Down with Love (2003) / Comedy-Romance

MPAA Rated: PG-13 for sexual humor and dialogue 
Running Time: 100 min.

Cast: Renee Zellwegger, Ewan McGregor, David Hyde Pierce, Sarah Paulson, Tony Randall
Director:  Peyton Reed
Screenplay: Eve Ahlert, Dennis Drake

Review published May 18, 2003

In Nurse Betty, Renee Zellwegger plays a woman that is referred to by Morgan Freeman's character as a "modern-day Doris Day," and I remarked that the same could be said of Zellwegger herself, with her similar looks, charm and sweetness.  Obviously I'm not the only one to make that comparison (and probably not the first,) as she is the natural choice to play like Doris in Down with Love, which is at once both an homage and a satire of the Doris Day/Rock Hudson films of the past.  Rock and Doris would appear in three movies together: Pillow Talk, Lover Come Back, and Send Me No Flowers, and Down with Love can be seen as a retooling of them (well, the first two anyway) into a more modern feminist revisionism, utilizing the "battle of the sexes" plots and injecting them with some of the more topical real movements going on at the time that they largely ignore, most notably the Women's Lib movement.

Renee plays Barbara Novak, a gal from Maine who has spun a new philosophy for women into a new book called "Down with Love," and heads to New York City to shop it around to publishers.  This book tells women that the only way they are going to finally get ahead in this man's world is to use men the way they have been used, divorcing sex from love, and using chocolate to supplant the feelings they may attribute to romantic feelings for their suitors.  It's not easy to convince the all-male boards of publishing companies to release a book that would jeopardize their ways of thinking, but Know magazine editor Peter MacMannus wants an interview with the woman, and he sends Catcher Block, their star reporter and notorious ladies man, out to get the scoop.  Block takes his assignment with the seriousness as he takes all others, i.e. none, but while he spends time avoiding meeting Barbara, her book gets featured on "The Ed Sullivan Show" and becomes an overnight world-wide bestseller.  Women everywhere begin saying "down with love" and the men of the world do not like it one bit, having to share household chores, and not being able to use love to get women in the sack.  It especially affects Block's once-rampant sex life, so he makes it a crusade to get the dirt on Novak, getting her to fall in love with him through trickery, and to expose it to the world in an expose for his magazine.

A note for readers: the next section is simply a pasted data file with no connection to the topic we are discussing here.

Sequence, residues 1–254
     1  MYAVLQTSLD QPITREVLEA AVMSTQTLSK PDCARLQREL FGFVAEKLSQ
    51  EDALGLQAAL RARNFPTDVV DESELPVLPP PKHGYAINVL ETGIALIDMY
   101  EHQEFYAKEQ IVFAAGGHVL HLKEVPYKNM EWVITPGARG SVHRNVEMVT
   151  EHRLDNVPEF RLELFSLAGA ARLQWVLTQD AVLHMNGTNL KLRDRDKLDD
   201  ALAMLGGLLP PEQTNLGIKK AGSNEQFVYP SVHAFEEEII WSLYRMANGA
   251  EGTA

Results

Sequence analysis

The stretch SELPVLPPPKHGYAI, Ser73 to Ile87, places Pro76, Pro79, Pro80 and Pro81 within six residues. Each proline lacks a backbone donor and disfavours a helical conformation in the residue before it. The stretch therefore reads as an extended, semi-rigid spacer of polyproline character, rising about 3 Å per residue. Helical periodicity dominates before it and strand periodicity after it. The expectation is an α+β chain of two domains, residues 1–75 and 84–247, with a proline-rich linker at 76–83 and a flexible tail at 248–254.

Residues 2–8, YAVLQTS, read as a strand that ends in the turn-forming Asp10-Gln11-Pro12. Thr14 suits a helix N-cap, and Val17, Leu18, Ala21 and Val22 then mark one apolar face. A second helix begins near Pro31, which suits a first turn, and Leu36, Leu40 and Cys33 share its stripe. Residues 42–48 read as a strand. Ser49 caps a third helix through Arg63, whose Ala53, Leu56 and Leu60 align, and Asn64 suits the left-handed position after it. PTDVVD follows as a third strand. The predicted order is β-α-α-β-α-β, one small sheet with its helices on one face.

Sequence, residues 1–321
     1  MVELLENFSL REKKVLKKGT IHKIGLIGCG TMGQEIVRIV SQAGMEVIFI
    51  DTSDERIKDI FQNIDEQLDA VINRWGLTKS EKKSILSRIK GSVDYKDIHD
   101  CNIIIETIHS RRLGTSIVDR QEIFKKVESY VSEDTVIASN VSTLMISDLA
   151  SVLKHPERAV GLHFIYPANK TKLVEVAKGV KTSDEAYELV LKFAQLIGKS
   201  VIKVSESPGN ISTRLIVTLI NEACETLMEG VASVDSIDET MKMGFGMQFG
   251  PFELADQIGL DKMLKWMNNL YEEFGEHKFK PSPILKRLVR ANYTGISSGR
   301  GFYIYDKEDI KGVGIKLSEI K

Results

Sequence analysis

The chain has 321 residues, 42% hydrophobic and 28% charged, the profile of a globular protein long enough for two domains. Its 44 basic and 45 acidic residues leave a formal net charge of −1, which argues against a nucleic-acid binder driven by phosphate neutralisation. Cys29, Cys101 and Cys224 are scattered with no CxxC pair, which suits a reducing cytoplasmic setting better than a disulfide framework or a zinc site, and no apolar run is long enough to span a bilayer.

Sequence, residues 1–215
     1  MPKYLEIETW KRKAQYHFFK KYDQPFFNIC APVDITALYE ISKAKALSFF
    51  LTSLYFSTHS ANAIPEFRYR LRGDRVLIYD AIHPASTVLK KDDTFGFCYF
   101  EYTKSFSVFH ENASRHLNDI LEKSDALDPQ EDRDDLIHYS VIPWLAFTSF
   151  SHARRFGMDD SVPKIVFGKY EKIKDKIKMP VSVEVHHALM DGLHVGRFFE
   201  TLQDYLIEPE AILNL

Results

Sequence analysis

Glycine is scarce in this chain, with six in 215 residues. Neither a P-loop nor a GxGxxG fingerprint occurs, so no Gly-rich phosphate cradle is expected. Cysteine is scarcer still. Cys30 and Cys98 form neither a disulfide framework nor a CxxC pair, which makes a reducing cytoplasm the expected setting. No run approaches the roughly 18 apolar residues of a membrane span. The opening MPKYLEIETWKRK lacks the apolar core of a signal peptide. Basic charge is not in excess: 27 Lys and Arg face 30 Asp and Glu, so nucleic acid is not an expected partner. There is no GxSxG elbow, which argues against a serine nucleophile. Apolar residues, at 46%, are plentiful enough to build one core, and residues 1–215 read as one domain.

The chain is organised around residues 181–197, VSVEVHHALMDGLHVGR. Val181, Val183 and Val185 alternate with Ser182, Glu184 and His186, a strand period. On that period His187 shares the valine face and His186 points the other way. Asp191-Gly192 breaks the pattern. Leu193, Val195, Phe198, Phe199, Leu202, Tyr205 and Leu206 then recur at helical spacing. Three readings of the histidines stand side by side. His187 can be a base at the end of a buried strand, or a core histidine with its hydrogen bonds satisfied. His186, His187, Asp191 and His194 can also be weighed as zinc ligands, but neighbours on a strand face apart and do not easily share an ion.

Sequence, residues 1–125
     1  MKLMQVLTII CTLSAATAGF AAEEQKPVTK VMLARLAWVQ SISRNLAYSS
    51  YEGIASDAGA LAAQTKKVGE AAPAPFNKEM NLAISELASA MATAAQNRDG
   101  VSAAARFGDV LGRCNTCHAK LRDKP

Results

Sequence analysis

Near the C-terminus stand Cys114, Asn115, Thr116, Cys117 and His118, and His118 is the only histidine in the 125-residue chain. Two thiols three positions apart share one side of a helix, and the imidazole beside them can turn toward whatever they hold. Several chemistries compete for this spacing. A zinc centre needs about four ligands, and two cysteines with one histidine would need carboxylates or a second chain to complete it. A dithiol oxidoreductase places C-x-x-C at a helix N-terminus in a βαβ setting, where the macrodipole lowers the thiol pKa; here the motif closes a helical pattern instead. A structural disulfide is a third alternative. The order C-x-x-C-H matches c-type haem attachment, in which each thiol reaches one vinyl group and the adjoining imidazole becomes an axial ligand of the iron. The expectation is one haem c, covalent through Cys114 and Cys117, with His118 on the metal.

Down with Love is the second film in recent years to re-craft an older film with modern sensibilities, following Todd Haynes much more serious work, Far from Heaven.  However, even if the themes regarding the empowerment of women in the workplace and in gender identity are serious stuff, the screenplay by Eve Ahlert and Dennis Drake plays everything light and fluffy, exactly on target as the Day/Hudson send-up this is supposed to be.  The casting is perfection, as there's no actress working today who fits more securely in Day's shoes than Zellwegger, while Ewan McGregor, although not built like Rock, is an actor who can be both the woman's man and the man's man, as can play the macho role (he was Obi-Wan) and the romantic crooner (see Moulin Rouge) with equal finesse.

David Hyde Pierce is perfect for the male sidekick role normally played by Tony Randall, exuding none of the virile male traits of the lead, while too easily bossed around by the ladies for them to take seriously as a mate, with the underlying premise being that he is obviously gay.  Where the old movies could only hint at the idea, Down with Love fully exploits the homosexuality issue to a good degree, although the ultimate real-life irony is that "man's man" Rock Hudson was, in actual fact, gay, while Tony "Stud" Randall in recent years married a woman fifty years younger and even in his seventies is virile enough to sire two kids with her.  By the way, Tony also appears in this film, reversing his stereotypically clawless role as the head of the publishing company out to put an end to Novak's notions because it's hurting his love life with his wife...and his mistress.

However, none of this would have amounted to much without the perfect recreation of the Sixties fluff comedy look of the film, complete with sumptuous Technicolor vibe, light jazz and lounge soundtrack, gaudy wardrobe, split-screen conversations, process shots, and none of the camera techniques that have been development in the last 40 years that would suggest this is a modern film.  Peyton Reed's (Bring It On) direction is right on when it comes to keeping the right look and tone throughout, with an energy and charisma that will have you loving the nostalgic old-fashioned storyline, even though it is clearly lampooning it at the same time, with affection I might add. 

Down with Love is must-see viewing for anyone who is intimately familiar with Doris Day, Rock Hudson, and the light romantic comedies from the early Sixties.  If you aren't, some of the jokes will likely be lost on you, but the spirit and charm of the film is still infectious. Viewing this may actually pique your interest in renting some of them, and you'll laugh knowingly at how brilliantly the look and feel had been recreated.  In this era of dumb romantic comedies, it's a refreshing change of pace to see something as smart and different as Down with Love, which skewers dumb romantic comedies of old with lavish and loving delight.

Qwipster's rating:

2003 Vince Leo